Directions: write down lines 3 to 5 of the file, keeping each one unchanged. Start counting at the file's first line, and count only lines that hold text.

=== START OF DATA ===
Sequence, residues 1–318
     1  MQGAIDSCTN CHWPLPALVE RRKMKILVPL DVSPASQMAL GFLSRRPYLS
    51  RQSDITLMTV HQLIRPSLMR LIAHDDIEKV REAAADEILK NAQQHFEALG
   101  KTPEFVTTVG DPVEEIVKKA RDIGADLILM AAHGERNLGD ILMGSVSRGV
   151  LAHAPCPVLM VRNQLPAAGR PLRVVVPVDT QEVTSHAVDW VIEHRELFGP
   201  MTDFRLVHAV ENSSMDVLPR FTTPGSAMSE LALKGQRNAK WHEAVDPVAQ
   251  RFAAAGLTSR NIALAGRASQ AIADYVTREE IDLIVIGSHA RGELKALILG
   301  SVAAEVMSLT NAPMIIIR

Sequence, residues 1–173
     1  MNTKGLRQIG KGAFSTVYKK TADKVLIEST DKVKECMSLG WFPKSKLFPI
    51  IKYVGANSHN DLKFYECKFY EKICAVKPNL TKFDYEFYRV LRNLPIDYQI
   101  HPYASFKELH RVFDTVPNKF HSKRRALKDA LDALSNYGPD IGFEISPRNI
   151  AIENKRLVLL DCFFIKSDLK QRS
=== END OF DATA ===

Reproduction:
    51  RQSDITLMTV HQLIRPSLMR LIAHDDIEKV REAAADEILK NAQQHFEALG
   101  KTPEFVTTVG DPVEEIVKKA RDIGADLILM AAHGERNLGD ILMGSVSRGV
   151  LAHAPCPVLM VRNQLPAAGR PLRVVVPVDT QEVTSHAVDW VIEHRELFGP